Most definitely. I have a good relationship with Mike Tyson. I've met Marshawn Lynch, it's a blessing. I feel like we're not competing right now, I feel like we're building a brand. I feel like we're building a league. I feel like we're trying to make the world understand what we're bringing to the table and what type of game we bring to the table, you feel me? I feel we're trying to create something different. Once we get the ball rolling, it's all together and moving into a real FCF league, then we'll get to compete. Of course, we all wanna win, but right now, we're just trying to get the foundation and the basics going and letting the strength of the owners and the relationships show on the field.

Being that you'll all be working with your respective fan bases in shaping your team’s personality and identity, any thoughts about what the team’s name will be? 

Man, I wish I did, but it's so straight strictly fans that you never know. Just like with music, can have an idea that is a smash, and then the fans don't think it is. You gotta strictly listen to the fans on this one. You gotta listen strictly to how they want it because it's the point of the game, that's the point of the league. We gotta let them control this game and then we the players and we the people that's listening to the people, the culture. FCF stands for culture, too, you feel what I'm saying? We listen to the culture, we're letting the culture run the field.

How involved will you be in the drafting and scouting process for your squad?

The fans make the draft, fans get to see everything. Open books, everything. It's an open thing, it ain't nothing to hide over here. The fans control it all.

In addition to sports, you've also been delving into acting, with cameos in shows like Atlanta, Star, Black-ish, and Ballers. Earlier this year, you appeared as yourself in Narcos: Mexico. How did that opportunity come about? 

Narcos reached out. We [Migos] had this song called “Narcos” on the [Culture II] album and we went and shot [the video] in Miami and everybody thought it was a Narcos movie scene and it ended up being Madonna's house. So we just shot that there and then they reached out to us. I think Offset had a performance somewhere and Takeoff had to do something and I just ended up being free that day and I went and shot it in New Mexico. I had fun, I loved it.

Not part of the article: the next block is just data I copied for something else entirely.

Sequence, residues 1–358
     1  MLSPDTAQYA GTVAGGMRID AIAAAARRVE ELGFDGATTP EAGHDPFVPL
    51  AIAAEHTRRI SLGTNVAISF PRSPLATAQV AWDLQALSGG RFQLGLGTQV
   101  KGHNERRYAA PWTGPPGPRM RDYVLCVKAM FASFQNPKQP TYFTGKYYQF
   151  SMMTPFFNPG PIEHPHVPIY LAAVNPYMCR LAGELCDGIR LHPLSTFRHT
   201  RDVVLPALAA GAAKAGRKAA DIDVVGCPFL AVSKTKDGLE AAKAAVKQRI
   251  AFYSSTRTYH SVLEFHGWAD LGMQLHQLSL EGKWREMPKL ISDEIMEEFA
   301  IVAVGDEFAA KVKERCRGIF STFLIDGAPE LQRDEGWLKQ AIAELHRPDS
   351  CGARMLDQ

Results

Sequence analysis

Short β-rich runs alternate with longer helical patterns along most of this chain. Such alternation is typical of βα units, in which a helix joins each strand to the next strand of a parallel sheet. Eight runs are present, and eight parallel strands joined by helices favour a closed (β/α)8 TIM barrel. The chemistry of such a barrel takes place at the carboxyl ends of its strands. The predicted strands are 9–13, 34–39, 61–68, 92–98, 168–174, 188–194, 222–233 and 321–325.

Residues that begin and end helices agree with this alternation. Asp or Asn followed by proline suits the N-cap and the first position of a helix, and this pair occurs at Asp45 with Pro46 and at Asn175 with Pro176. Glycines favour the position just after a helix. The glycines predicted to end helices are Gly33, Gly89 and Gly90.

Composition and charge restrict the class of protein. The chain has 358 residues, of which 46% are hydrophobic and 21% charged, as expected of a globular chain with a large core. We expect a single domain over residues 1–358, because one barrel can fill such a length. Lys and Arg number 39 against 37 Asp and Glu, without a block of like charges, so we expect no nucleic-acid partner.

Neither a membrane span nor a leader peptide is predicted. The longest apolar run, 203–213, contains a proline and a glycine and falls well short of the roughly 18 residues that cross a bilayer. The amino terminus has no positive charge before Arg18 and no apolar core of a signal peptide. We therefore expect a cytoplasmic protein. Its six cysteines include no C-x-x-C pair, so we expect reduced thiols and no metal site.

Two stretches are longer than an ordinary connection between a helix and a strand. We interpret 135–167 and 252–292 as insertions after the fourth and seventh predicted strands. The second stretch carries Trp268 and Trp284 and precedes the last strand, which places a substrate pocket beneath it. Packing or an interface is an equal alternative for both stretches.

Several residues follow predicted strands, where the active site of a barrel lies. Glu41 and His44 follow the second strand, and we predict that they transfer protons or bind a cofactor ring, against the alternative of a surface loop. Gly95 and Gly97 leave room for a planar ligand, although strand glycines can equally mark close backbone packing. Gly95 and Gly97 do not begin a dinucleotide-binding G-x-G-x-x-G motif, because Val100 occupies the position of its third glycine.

Do you have plans to pursue any supporting or leading roles in film or television?

Hell yeah, most definitely. I've been sitting down and having real great meetings with directors and people that got some movies in the works for 2021. I feel like I’ve got some good spots. I don't wanna tell it cause they’re gonna make some announcements. It's coming soon.

It's been two years since you've released a solo project or one with the Migos. Can fans expect any new music from you anytime soon and what are your next plans on that front?

Most definitely, hell yeah, we're shooting videos right now. We’re vaulting up a whole lot of videos so we can give you music and visuals at the same time. “Need It," the song came first and then the video. Right now, we wanna get a lot of videos and a lot records in the vault and smash [them] all at once 'cause it's been two years.

Pop Smoke's passing was one of the more tragic events in rap in recent memory, but his debut album, which you appeared on throughout, has been one of the most successful and acclaimed projects of 2020. How has it been seeing how the album’s been received, especially after you and him developed such a bond in a short time?

I'm happy. I'm proud of him, that was my partner. We did a lot of records, we spent a lot of time together and I feel like the album would've did even more with him being alive. A lot of people's album just go crazy when they die, I feel like his sh*t would've still went crazy. He had the momentum, he had the buzz. He was having fun. He was hot, he was fresh, he had everything ready.